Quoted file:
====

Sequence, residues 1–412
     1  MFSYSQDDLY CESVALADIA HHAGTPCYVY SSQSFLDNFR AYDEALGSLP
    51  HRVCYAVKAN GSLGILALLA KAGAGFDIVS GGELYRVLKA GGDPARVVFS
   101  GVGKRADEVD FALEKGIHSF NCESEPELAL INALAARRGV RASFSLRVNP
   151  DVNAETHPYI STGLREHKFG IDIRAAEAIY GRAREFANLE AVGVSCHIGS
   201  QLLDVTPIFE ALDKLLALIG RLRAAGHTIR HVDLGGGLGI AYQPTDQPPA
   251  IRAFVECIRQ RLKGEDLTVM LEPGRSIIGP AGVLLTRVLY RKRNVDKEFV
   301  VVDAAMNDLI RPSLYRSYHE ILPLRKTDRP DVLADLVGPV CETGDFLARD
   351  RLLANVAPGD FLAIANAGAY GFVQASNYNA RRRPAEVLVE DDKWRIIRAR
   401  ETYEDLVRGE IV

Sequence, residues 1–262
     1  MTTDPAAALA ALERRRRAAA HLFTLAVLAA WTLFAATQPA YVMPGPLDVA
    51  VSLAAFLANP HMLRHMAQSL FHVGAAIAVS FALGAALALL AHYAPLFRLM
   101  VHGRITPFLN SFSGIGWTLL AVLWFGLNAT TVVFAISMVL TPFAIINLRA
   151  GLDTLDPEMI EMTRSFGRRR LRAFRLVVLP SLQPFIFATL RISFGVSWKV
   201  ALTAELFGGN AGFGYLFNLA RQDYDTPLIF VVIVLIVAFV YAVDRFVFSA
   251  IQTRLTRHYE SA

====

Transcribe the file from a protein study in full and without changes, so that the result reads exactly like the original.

Sequence, residues 1–412
     1  MFSYSQDDLY CESVALADIA HHAGTPCYVY SSQSFLDNFR AYDEALGSLP
    51  HRVCYAVKAN GSLGILALLA KAGAGFDIVS GGELYRVLKA GGDPARVVFS
   101  GVGKRADEVD FALEKGIHSF NCESEPELAL INALAARRGV RASFSLRVNP
   151  DVNAETHPYI STGLREHKFG IDIRAAEAIY GRAREFANLE AVGVSCHIGS
   201  QLLDVTPIFE ALDKLLALIG RLRAAGHTIR HVDLGGGLGI AYQPTDQPPA
   251  IRAFVECIRQ RLKGEDLTVM LEPGRSIIGP AGVLLTRVLY RKRNVDKEFV
   301  VVDAAMNDLI RPSLYRSYHE ILPLRKTDRP DVLADLVGPV CETGDFLARD
   351  RLLANVAPGD FLAIANAGAY GFVQASNYNA RRRPAEVLVE DDKWRIIRAR
   401  ETYEDLVRGE IV

Sequence, residues 1–262
     1  MTTDPAAALA ALERRRRAAA HLFTLAVLAA WTLFAATQPA YVMPGPLDVA
    51  VSLAAFLANP HMLRHMAQSL FHVGAAIAVS FALGAALALL AHYAPLFRLM
   101  VHGRITPFLN SFSGIGWTLL AVLWFGLNAT TVVFAISMVL TPFAIINLRA
   151  GLDTLDPEMI EMTRSFGRRR LRAFRLVVLP SLQPFIFATL RISFGVSWKV
   201  ALTAELFGGN AGFGYLFNLA RQDYDTPLIF VVIVLIVAFV YAVDRFVFSA
   251  IQTRLTRHYE SA